2018 Issue Briefing: Toronto’s Economy
This Note is part of a series of Notes on key City issues to update City Council at the start of its 2018 – 2022 term.
Toronto’s economy has performed well since the global financial crisis of 2008 however, growth has been uneven across the city, which has contributed to increased inequality and economic disparities. Action by the City to promote the local economy will be mitigated by external factors such as international trade and global markets.
City staff will present the following actions for City Council’s consideration in 2019:
- Evaluation of tax policy tools to support small businesses;
- Strategy to support Toronto’s main street retail areas, including businesses impacted by major construction projects; and
- Strengthening of the Imagination, Manufacturing, Innovation, and Technology (IMIT) Property Tax Incentive Program to ensure that developments supported through IMIT provide quality employment opportunities for Toronto residents.
Toronto’s economy has produced strong results in recent years.
Toronto’s Gross Domestic Product (GDP) growth is significantly outpacing the national average – The Toronto region’s GDP has grown by an average of 2.4 percent annually since 2009 compared to a national rate of 1.8 percent. In 2017, the Toronto region’s GDP grew by approximately 3.3 percent (Source: Conference Board of Canada, Moody’s, Oxford Analytics, Statistics Canada, 2017).
Employment in Toronto is growing steadily – The Toronto Employment Survey showed employment at businesses in Toronto grew by 16 percent between 2008 and 2017 from 1.31 million to 1.52 million, twice the national growth rate over the same period.
Toronto continues to attract immigrants from all over the world – Toronto’s economic success is based in large part on a diverse and highly-educated labour force. Toronto remains home to the largest number of recent immigrants of any Canadian city. In 2016, Toronto, at 8 percent of the country’s population, was home to 18 percent of all recent immigrants to Canada.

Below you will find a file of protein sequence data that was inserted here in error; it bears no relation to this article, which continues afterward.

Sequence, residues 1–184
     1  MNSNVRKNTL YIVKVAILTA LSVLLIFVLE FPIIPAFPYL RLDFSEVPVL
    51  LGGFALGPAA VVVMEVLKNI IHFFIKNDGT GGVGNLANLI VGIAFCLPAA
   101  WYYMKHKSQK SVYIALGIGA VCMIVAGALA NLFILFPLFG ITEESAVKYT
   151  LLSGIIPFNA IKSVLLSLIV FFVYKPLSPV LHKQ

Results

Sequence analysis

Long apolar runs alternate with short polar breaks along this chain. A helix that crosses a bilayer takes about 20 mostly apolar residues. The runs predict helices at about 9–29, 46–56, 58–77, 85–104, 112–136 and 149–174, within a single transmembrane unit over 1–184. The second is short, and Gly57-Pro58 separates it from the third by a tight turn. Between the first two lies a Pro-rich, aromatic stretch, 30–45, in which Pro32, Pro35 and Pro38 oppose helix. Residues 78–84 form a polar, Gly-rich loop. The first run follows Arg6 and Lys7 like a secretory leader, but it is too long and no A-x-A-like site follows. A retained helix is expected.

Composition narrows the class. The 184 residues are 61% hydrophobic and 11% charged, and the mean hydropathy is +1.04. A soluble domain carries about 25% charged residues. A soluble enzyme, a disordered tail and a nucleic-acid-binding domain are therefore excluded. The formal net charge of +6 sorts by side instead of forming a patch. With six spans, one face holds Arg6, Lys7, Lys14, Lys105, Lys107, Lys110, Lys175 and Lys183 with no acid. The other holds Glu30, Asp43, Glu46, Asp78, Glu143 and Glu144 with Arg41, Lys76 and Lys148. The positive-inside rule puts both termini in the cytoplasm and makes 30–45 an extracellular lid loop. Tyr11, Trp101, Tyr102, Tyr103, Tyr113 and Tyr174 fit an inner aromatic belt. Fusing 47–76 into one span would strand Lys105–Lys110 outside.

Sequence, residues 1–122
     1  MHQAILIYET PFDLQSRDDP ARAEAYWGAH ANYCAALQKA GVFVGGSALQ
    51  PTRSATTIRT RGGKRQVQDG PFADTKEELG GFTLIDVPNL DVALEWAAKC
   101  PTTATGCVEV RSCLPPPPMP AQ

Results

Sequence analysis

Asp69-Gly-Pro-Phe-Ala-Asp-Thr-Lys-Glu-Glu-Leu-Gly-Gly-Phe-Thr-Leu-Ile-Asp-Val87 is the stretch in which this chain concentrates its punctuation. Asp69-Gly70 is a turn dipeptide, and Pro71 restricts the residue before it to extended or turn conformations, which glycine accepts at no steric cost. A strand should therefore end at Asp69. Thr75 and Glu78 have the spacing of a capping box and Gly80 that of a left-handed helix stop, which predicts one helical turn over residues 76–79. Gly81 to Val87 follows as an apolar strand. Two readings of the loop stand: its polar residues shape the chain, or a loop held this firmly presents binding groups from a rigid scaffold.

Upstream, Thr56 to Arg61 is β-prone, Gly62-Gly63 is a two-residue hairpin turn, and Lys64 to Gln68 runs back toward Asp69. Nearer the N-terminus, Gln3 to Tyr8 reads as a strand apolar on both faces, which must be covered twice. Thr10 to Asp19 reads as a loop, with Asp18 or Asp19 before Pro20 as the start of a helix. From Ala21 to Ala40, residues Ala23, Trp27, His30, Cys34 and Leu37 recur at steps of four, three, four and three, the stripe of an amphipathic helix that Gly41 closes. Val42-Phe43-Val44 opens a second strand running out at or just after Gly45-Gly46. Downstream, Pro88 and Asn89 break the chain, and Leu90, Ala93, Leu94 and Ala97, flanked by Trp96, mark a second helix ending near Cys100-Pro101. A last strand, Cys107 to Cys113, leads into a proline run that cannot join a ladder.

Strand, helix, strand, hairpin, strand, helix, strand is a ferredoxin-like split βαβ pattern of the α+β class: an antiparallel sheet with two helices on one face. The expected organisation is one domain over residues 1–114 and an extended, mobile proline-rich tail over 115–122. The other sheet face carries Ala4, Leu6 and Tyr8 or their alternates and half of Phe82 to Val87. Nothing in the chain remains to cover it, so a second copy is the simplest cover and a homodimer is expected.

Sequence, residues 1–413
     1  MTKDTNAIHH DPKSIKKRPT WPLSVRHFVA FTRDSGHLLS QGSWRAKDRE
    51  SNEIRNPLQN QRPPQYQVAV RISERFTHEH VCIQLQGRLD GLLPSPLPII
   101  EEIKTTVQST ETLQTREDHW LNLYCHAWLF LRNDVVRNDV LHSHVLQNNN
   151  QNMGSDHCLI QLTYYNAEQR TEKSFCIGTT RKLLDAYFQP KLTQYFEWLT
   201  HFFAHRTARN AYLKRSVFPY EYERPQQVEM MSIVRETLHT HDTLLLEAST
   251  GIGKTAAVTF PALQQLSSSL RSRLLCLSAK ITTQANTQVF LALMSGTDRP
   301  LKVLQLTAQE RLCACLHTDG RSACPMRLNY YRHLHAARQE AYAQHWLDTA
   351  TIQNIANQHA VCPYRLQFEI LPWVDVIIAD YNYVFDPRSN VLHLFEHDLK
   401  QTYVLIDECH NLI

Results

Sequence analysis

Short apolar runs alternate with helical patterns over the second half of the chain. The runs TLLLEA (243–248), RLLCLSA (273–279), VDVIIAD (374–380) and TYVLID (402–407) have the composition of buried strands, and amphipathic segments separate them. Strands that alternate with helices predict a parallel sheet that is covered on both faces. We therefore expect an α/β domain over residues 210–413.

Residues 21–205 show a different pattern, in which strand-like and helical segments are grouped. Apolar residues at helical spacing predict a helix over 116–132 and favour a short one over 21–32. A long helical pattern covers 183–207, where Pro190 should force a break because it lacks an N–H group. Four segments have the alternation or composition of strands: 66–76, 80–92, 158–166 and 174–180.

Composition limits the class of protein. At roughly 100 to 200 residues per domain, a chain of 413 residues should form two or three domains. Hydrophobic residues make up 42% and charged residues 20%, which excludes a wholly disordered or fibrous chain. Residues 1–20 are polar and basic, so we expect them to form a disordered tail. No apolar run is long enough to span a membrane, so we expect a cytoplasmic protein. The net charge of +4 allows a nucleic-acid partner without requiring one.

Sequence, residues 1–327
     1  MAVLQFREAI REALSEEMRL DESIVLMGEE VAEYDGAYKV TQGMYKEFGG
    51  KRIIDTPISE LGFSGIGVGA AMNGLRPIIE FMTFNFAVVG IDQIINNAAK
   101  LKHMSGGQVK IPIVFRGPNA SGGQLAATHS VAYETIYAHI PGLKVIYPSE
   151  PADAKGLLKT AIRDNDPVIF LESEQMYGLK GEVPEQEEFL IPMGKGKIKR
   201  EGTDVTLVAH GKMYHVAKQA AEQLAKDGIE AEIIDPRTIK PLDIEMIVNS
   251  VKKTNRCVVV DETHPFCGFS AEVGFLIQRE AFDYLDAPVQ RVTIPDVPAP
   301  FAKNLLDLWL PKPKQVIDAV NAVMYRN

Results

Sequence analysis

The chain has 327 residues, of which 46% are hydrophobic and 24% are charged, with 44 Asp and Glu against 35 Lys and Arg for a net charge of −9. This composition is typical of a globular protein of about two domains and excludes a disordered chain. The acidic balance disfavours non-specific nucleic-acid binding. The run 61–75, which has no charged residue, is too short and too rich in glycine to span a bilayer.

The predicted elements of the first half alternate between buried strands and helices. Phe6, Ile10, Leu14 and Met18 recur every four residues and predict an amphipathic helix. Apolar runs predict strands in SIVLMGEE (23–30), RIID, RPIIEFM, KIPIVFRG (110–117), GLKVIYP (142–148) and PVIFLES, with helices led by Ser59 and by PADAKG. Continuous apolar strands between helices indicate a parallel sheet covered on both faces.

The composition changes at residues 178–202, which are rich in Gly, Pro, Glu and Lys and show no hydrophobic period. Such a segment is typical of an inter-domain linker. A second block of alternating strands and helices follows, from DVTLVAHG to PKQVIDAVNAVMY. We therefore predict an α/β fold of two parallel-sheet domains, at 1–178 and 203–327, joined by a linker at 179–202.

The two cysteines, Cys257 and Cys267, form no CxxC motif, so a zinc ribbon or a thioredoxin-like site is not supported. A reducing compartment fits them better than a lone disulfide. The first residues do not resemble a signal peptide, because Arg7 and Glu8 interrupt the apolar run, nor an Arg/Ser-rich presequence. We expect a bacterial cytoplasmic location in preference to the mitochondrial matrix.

Trends which challenge Toronto’s economic development include:
- Investment, development, and employment growth outside the downtown core is uneven, and unemployment is disproportionately higher among youth and newcomer populations.
- Longstanding trends towards more income inequality continue. A United Way analysis of census data found that inequality between Toronto’s neighbourhoods increased by 96 percent from 1980 to 2010.
- The number of residents working in part-time jobs is growing faster than those in full-time jobs. From 2008 to 2016, part-time jobs increased by 19 percent, or almost twice as quickly as full-time jobs (11 percent). Self-employment is also growing. As of July 2018, self-employment stood at 17 percent, the highest level in 30 years. These trends exacerbate precarious employment in Toronto (Source: Statistics Canada, Labour Force Survey, 2018).
- In intensifying parts of Toronto, increasing real estate costs – driven in part by higher property assessments – are displacing existing businesses to more affordable locations.
- For new and expanding businesses, limited land availability and low vacancy rates in Employment Lands raise challenges in comparison to greenfield sites in surrounding municipalities.
- The high costs of living in Toronto – particularly housing, child care, and education – are barriers for many residents, impacting their ability to successfully move into and through the labour market and sustain employment. Affordable child care, for instance, allows parents to pursue employment, education or training, and is recognized by economists as an active contributor to a healthy economy and as a critical factor in reducing the gender gap in the labour market.